&gt; maximise the provision of specialty and support services 
as close to home as safely possible 

&gt; enable timely access to distant services when required 

1.3. Directors of cancer services oversee the continuous development and 
implementation of consistent/standardised protocols, procedures and 
models of care that support chemotherapy delivery within and across SA 
Health regions and service providers. 

1.4. There are processes in place to enable monitoring of clinical and service 
outcomes including key performance indicators as outlined in the 
Performance Indicator Framework for South Australian Cancer Services12.  

1.5. Reports on the safety and quality of chemotherapy services are provided 
to local and regional clinical governance and contribute to planning for 
continuous service development. 

1.5.1. Services utilise the Australian Incident Monitoring System 
(AIMS) or equivalent to enable risk-free reporting of error or 
near misses13. 

1.5.1.1. Error and near miss reports are reviewed and evaluated 
regularly (bi-monthly) at service level and summary reports are 
communicated via clearly identified regional governance 
processes. 

                                                 

12
 The South Australian Department of Health and The South Australian Cancer Network 2010, 

Performance Indicator Framework for South Australian Cancer Services Version 1.0, September 2010 
13

 Clinical Oncology Society of Australia (2008), Guidelines for the Safe Prescribing, Supply and 

Administration of Cancer Chemotherapy, November 2008 



 
 28 

 

1.5.1.2. All serious adverse events are formally reviewed via clearly 
identified local and regional governance processes. 

1.5.2. Strategic planning for service development occurs in line with 
the South Australia s Health Care Plan and the Statewide 
Cancer Control Plan. 



 
 29 

2. Workforce, education and competency 

2.1. The Service has policies and procedures for provision and verification of 
credentialing and chemotherapy education and competency for all 
clinicians and support staff in line with SA Health policies, procedures, 
guidelines and frameworks. Alternatives from other jurisdictions may be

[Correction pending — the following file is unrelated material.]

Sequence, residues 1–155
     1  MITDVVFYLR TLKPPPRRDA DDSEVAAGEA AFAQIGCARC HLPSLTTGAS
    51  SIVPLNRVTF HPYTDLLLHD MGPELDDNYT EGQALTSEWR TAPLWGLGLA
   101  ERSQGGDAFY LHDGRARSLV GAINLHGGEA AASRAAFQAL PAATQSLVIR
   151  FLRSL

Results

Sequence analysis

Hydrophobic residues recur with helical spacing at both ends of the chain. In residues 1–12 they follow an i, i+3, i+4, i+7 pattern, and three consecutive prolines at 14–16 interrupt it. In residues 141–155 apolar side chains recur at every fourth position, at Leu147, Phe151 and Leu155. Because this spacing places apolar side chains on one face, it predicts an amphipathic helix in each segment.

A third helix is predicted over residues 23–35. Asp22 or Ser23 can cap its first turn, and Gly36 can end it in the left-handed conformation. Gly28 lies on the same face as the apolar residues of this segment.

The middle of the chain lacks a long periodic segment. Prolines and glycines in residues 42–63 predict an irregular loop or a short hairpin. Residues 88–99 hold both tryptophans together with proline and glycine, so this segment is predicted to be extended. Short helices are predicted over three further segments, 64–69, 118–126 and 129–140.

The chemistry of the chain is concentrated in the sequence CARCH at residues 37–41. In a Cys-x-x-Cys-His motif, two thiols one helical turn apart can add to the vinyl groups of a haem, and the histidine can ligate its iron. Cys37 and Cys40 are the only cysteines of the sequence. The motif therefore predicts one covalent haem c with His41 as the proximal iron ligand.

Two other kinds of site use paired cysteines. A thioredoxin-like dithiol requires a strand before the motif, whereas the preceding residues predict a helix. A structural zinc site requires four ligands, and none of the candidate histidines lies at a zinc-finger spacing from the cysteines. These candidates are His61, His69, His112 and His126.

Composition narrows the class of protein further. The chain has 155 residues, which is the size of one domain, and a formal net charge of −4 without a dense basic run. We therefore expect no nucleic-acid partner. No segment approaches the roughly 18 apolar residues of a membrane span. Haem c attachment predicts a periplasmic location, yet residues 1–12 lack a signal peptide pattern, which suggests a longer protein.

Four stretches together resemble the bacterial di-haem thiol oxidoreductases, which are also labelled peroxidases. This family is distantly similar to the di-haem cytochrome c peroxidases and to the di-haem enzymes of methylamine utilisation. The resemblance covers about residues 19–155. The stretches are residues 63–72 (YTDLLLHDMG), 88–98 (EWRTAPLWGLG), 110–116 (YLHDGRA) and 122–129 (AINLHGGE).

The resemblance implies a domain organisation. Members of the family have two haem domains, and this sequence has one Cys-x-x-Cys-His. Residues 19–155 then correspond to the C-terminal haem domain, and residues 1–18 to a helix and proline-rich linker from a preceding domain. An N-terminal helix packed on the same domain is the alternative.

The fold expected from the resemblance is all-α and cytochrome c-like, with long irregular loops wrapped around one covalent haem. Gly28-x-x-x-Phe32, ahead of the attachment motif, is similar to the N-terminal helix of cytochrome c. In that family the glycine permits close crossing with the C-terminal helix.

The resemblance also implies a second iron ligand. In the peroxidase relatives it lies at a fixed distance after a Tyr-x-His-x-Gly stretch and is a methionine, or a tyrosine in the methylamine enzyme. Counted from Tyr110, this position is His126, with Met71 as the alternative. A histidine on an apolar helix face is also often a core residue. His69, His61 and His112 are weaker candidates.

used when a South Australian version is not available or is in need of 
review. 

2.1.1. Only chemotherapy competent health care professionals 
prepare or administer chemotherapy.  

2.1.1.1. The Clinical Oncology Society of Australia: 
Guidelines for the Safe Prescribing, Supply and 
Administration of Cancer Chemotherapy14 list 
suggested knowledge and skills applicable to all 
health care professionals. 

2.1.1.2. Pharmacists complete the SA health central 
training manuals for Pharmacy Services and 
Production Pharmacy Services as relevant to 
scope of work. These manuals are intended to 
provide a framework to ensure that all pharmacy 
staff receive appropriate levels of training and 
support to ensure the opportunity to learn and 
develop all the knowledge and skills necessary for 
them to fulfil their job role. The manuals are not 
intended to substitute the close supervision of 
staff undergoing clinical training. 

2.1.1.2.1. SA Health Central Training Manual   
Clinical Pharmacy Services - Cancer 
and Chemotherapy15. This manual is 
for all pharmacy staff working in 
clinical units caring for patients with 
cancer and / or receiving 
chemotherapy.  

2.1.1.2.2. SA Health Central Training Manual - 
Cytotoxic and other hazardous 
substances16. This manual is for all 
pharmacy staff working in units 
preparing parenteral cytotoxic and 
other hazardous substances.   

                                                 

14
 Clinical Oncology Society of Australia (2008), Guidelines for the Safe Prescribing, Supply and 

Administration of Cancer Chemotherapy, November 2008 
15

 South Australian Department of Health 2010, Draft SA Health Central Training Manual   Clinical 

Pharmacy Services - Cancer and Chemotherapy, October 2010 version 
16

 South Australian Department of Health 2010, Draft SA Health Central Training Manual- Cytotoxic 

and other hazardous substances, October 2010 version 



 
 30 

2.1.1.3. Nurses establish and maintain a minimum level of 
chemotherapy competence as outlined in the 
State-wide Framework for Chemotherapy 
Education and Assessment 201017  (currently 
under development).  
2.1.1.3.1. Continuing education programs for 

nurses in chemotherapy and cancer 
care are consistent with the EdCan 
framework18.  

2.1.1.4. All new clinicians commencing in, or transferring